Life has largely normalised since the pandemic. Far from proving permanent, many of the changes caused by the pandemic have proved transient. Air travel has lost none of its allure, with flight volumes bouncing back strongly. The boom in online retail sales has gone into reverse. In the UK car travel has returned to levels seen before the pandemic.

In one area the change has been significant and, two years on from the end of lockdowns in England, it looks increasingly permanent. In the UK hybrid working is running at roughly three times the levels seen before the pandemic, with about 40% of adults working partly or wholly from home. There are few signs in the data of fatigue setting in with hybrid working. The proportion of people working fully or partly from home has been broadly constant over the last year.

This represents a major, very rapid change in the organisation of work. There has been nothing like it since the demobilisation of the armed forces and the dismantling of the wartime economy after the second world war.

Enormous though this shift is, we need to see it in perspective. For most people work remains unchanged. In the US roughly 60% of jobs – everything from driving a bus to building and nursing – are site specific. Working from home is concentrated among higher-skilled, higher-paid jobs, particularly in technology, finance and business and professional services.

Nor can we simply extrapolate to the rest of the world from the experience of the US or UK. Along with Canada, Australia and the Netherlands these countries have high levels of hybrid working (one survey showed university-educated workers in these countries working an average of about 2.5 days per week from home after the end of lockdowns, in late 2001 and early 2022). Rates of home working are lower in most European countries and lower still in China, India and Japan.   

In general employees seem to be keener on working from home than employers are. A large-scale survey run by Professor Nick Bloom at Stanford University has found that US employees would like to work an average of 2.75 days per week at home while employers would prefer their staff to spend half a day less, so 2.25 days, working from home.

In the last two years low unemployment and competition for staff have tilted the balance of power towards employees, obliging some employers to offer home working to attract and retain staff. A weaker labour market would doubtless cause some employers to revisit their policies on hybrid working. We cannot be sure that current levels of home working represent a new equilibrium until they have been tested through an economic cycle and a period of elevated unemployment.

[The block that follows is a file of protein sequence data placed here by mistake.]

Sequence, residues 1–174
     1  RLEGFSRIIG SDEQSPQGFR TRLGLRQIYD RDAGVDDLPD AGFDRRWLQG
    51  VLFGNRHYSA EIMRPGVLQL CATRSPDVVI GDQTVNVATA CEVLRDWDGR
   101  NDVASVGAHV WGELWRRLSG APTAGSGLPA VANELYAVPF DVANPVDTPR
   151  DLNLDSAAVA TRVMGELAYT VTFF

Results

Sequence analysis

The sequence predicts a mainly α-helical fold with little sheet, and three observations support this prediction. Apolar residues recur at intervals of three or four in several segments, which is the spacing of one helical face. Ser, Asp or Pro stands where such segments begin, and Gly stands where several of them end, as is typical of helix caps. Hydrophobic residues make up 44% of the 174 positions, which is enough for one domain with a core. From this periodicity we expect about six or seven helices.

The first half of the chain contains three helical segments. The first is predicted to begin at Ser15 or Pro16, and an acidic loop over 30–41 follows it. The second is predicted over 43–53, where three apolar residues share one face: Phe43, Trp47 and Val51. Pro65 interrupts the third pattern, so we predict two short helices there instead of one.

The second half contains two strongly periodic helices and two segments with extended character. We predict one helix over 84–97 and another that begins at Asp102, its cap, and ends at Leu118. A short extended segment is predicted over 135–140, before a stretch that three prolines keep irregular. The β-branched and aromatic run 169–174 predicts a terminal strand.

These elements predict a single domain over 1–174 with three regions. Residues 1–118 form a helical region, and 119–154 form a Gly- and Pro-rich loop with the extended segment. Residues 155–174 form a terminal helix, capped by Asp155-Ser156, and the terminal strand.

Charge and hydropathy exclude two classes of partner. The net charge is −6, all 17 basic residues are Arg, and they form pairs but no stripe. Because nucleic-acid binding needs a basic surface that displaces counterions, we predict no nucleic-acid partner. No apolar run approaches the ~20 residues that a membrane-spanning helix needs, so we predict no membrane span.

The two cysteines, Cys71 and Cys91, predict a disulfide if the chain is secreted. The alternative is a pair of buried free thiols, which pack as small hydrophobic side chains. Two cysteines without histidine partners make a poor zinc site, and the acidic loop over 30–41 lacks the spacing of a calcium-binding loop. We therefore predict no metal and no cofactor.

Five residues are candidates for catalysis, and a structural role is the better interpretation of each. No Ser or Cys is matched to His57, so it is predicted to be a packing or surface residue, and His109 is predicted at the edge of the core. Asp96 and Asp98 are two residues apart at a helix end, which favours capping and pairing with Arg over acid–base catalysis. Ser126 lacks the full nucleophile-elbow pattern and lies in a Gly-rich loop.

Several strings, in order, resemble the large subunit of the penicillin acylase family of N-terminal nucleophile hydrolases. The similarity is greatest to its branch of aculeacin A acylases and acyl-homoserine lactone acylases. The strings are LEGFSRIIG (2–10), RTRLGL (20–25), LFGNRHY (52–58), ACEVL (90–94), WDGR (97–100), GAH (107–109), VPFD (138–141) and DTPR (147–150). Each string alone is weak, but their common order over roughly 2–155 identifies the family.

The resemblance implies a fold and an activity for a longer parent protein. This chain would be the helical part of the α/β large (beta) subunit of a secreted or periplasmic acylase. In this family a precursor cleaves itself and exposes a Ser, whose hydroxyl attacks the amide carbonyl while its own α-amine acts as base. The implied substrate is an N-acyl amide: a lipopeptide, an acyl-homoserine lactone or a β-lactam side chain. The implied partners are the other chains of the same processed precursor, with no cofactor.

Professor Bloom has found that hybrid working raises employee happiness and that, for the US, the ability to work from home 2 to 3 days a week is equivalent to an 8.0% pay increase. A randomised control trial of 1,600 staff in the US in 2021-22 found that hybrid working reduced quit rates, or resignations, by 35%.

Hybrid working seems to work for employees, but what about employers?

Here Professor Bloom concludes that fully remote tends to reduce productivity, but also brings compensating cost reductions. Organised hybrid work, for perhaps 2 to 3 days a week, tends to raise productivity slightly, by 1.0 percentage points to 3.0%. Productivity gains came from the ability to focus and concentrate and from reduced commuting time, roughly 40% of which according to Professor Bloom’s research, goes into working longer hours. However, such gains in productivity only occur when hybrid working is well managed.

Getting the most out of hybrid working takes time, planning and effort. It involves the coordination of days in the office for in-person meetings, events, training and social events. ‘Anchor’ days need to be treated like days in the office before the pandemic, with attendance mandatory. Offices should promote collaboration, with cubicles making way for meeting spaces, but this needs to be handled carefully. Coming into the office only to find oneself exposed to neighbours’ conference calls is not a happy experience and offices also need quiet areas. Performance management tends to be more difficult in a hybrid environment. Informal, face-to-face interactions are reduced and input-based evaluations, based on observed hours and activities, happen less. That makes output-based evaluation, drawing on data and discussion, more important. For relatively new joiners Professor Bloom recommends an extra day in the office for mentoring and to build networks.

All of this requires management commitment and time. Some aspects can be particularly tricky. Businesses report difficulties in encouraging people back into the office. People appear especially reluctant to return on Mondays and Fridays when offices are often at their quietest.

Hybrid working is here to stay, but it is, nonetheless, a still developing experiment in the organisation of work. How work happens will evolve over time and with the economic cycle. The prize is enormous. We now know that, done well, hybrid working can make workers happier and businesses more productive.

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